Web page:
My mom almost didn’t do it. But when we ran into an 70-year-old Australian woman on the ship who said “hell yes” she would jump into the freezing Antarctic water, my mom relented.
Ever since we stepped foot on the Ocean Endeavor people had been talking about the polar plunge. It’s a unique feature of the Quark trip and, we were told, a rite of passage.
The scene of the plunge.
The timing was unexpected. The crew had planned to take us to the Lemaire Channel, but when floating ice blocked our path, the expedition leader proposed a different idea – polar plunge. The ship’s captain maneuvered our huge vessel in a small circle, to knock some of the ice chunks out of the way. The crew then lowered two staired gangways and told us to line up in the mudroom.
We took a selfie in our robes, and then waited our turn in a cold, rubber-floored room.
We were a little bit nervous. My mom and I pulled on our one-piece bathing suits in our room and covered up with fluffy, floor-length bathrobes. It was going to be freezing, what if we had a heart attack or gasped and swallowed water? These were things we talked about. Our fears began to subside when we got to the mudroom, which had the feel of a dance party. Pump-up, pop music blared through a set of speakers. Guests, including us, took selfies.
Excitement in the air, we marched down to the jumping spot in our bare feet and bathrobes. The holding room was freezing. The floor was cold and the door to the stairs and water below was wide open, giving us a view of the jumpers before us. We took off our robes and immediately regretted it. The chilly air gave us a taste of what was to come.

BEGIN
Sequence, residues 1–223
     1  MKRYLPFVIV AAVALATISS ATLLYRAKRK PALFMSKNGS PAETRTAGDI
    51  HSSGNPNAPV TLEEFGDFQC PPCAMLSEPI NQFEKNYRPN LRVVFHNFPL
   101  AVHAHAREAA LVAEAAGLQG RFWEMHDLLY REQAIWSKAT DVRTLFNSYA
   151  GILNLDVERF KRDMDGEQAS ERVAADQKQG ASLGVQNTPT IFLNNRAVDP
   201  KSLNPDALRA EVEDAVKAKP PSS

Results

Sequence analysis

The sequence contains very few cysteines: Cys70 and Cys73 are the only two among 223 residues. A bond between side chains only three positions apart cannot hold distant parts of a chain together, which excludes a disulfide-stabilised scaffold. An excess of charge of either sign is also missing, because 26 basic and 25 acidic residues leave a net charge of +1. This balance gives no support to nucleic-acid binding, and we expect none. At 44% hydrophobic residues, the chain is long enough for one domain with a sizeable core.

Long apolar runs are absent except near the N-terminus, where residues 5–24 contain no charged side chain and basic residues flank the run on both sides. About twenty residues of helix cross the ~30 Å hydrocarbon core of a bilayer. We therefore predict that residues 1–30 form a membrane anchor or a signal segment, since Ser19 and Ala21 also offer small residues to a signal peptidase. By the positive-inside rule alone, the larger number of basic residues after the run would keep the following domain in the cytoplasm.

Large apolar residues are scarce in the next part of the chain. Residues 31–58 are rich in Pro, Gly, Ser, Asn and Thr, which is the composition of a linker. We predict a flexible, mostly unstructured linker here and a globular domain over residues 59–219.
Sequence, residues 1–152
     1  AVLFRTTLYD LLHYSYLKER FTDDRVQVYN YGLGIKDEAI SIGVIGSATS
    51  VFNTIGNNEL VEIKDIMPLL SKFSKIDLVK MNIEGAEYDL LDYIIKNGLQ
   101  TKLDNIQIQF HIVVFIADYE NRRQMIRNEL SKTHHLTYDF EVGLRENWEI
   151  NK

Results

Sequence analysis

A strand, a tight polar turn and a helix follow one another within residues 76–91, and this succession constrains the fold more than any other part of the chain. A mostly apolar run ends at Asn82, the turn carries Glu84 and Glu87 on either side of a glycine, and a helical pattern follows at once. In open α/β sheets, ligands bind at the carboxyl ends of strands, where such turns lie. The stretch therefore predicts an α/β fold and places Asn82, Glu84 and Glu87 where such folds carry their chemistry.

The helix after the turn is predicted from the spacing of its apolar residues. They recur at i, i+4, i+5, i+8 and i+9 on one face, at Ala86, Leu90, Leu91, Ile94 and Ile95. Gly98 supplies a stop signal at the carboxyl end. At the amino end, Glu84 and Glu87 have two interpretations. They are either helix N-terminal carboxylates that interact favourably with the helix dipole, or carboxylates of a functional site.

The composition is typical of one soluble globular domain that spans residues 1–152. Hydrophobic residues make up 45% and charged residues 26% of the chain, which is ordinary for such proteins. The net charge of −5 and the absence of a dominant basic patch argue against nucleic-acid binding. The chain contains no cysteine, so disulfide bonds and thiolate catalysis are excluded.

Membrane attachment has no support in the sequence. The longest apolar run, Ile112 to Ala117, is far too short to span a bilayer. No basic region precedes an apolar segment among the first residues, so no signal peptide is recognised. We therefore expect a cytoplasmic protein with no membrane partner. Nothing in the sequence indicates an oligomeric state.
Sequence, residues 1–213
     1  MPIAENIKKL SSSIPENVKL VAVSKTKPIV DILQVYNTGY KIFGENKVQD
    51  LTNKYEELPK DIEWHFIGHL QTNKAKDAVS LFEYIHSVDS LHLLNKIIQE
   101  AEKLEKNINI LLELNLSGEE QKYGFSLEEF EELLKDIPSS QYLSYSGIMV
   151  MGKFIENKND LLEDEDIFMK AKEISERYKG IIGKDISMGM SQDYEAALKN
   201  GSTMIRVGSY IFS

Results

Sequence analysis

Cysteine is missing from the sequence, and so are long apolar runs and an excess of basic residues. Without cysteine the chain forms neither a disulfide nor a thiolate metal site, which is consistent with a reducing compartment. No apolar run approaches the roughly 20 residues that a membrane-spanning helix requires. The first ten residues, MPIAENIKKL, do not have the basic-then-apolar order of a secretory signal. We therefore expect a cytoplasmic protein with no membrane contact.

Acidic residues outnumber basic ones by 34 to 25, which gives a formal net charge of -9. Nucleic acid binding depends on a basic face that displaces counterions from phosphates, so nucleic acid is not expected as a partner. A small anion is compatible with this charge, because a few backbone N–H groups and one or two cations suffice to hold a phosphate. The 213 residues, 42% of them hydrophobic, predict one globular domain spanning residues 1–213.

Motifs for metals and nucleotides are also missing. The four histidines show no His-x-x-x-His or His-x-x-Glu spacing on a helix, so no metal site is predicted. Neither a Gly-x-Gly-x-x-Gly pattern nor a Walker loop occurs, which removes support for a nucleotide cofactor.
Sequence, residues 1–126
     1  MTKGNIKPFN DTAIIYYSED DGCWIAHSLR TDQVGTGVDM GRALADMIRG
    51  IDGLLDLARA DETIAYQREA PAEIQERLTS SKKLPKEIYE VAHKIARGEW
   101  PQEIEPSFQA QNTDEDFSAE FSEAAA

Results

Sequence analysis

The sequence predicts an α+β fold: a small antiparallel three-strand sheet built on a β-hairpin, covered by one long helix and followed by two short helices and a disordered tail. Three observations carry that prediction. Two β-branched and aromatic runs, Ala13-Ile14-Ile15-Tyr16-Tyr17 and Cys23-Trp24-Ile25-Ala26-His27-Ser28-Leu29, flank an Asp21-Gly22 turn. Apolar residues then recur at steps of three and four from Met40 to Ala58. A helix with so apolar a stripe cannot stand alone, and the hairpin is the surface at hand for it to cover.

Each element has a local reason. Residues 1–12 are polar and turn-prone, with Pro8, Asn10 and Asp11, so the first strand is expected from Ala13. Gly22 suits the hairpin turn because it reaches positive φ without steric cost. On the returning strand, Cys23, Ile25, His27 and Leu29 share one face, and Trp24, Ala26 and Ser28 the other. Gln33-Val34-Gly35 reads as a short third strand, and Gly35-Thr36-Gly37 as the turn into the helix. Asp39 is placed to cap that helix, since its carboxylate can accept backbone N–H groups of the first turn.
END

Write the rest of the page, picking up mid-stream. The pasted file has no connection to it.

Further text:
All plunge photos courtesy Quark photo guide Dave Merron.
When I was suddenly next in line, a Quark guide hooked a big harness around my waist. It was dripping wet from the last plunge and I inhaled a quick breath. “It’s your turn,” she said, prodding me down the steps toward the water. On the last stair I looked down at the sea. It was flat and dark blue. An expedition guide, bundled in a parka and wind pants, tied a rope into the harness I was wearing. “You aren’t going to enjoy this,” he said. He then told me to look at a camera, but I couldn’t manage a smile.
I jumped and didn’t feel the cold until my head went under. A chill went up my neck and I felt my hair begin floating. I popped back to the surface in seconds and swam as fast as possible to the ladder. My arms were pins and needles and getting out of the water was more painful than jumping in.
My mom was next. She took her time on the platform, before turning around, giving a high-five to the photographer, and jumping in sideways. Her face tells the story.
We bundled back up in our bathrobes and headed straight for the sauna. We both felt refreshed, awake and glad we had jumped. We later learned the water temperature had actually been freezing at 32 degrees Fahrenheit, a true polar plunge.